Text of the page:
December 13, 2017
escapade (noun)
\ESS-kuh-payd\ Hear it!
What does it mean?
: a mischievous adventure : prank
How do you use it?
"'My dear,'said her husband, the cob, one afternoon, 'do you never find your duties onerous or irksome? Do you never tire of sitting in one place and in one position, covering the eggs, with no diversions, no pleasures, no escapades, or capers? Do you never suffer from boredom?'" (E. B. White, _The Trumpet of the Swan_)
Are you a word wiz?

"Escapade" was borrowed into English from another language. What language do you think gave us "escapade"?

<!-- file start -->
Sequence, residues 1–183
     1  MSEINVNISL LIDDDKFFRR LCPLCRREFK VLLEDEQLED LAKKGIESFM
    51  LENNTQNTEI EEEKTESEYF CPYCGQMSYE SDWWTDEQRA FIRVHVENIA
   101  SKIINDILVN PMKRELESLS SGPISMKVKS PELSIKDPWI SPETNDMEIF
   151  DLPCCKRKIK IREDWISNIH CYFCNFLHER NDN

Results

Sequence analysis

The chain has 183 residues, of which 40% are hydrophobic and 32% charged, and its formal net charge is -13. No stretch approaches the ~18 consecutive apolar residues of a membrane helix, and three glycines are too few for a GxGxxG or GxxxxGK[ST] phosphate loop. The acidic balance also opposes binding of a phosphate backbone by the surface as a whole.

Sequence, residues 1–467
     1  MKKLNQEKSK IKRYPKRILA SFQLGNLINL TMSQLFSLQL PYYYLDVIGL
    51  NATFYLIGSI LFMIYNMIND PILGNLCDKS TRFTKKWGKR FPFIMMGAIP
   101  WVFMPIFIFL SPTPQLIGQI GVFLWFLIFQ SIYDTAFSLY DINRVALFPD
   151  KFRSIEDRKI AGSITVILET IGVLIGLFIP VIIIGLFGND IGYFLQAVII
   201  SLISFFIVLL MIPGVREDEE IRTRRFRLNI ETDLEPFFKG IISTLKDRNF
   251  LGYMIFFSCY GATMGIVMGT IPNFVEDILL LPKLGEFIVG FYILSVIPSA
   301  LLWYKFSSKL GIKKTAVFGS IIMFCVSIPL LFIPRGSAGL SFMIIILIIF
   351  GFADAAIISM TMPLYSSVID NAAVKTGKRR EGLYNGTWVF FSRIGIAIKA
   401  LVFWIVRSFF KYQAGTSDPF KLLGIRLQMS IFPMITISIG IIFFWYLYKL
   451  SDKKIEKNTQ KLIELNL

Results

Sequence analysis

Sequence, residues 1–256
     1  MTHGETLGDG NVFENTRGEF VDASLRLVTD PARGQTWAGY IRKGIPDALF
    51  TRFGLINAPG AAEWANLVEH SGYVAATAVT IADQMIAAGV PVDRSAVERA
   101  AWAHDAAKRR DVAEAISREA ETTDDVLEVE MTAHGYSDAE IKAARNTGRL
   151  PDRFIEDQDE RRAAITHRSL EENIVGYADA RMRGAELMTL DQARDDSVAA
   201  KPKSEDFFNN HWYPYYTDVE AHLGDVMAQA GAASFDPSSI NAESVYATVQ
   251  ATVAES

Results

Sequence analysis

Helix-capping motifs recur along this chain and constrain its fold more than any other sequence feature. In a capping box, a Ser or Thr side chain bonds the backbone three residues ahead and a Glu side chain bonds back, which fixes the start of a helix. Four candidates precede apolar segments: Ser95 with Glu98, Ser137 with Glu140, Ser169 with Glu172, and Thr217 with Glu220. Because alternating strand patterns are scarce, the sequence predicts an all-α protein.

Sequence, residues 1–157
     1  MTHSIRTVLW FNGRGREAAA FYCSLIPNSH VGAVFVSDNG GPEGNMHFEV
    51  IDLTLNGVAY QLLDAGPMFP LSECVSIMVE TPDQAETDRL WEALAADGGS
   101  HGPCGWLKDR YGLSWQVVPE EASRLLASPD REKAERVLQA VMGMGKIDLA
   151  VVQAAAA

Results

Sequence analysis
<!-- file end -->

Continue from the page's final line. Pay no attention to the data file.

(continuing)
It's no joke -- English-speakers took "escapade" from French. When first borrowed in the 17th century, English "escapade" meant "action of escaping," which was the very meaning of the French word "escapade." French "escapade" was a modification of Spanish "escapada," from "escapar," meaning "to escape." While we know that French also gave us the word "mischief," pinning down the origins of other synonyms of "escapade" is tricky. Some mischievous words that have uncertain origins include "shenanigan" and "monkeyshines."
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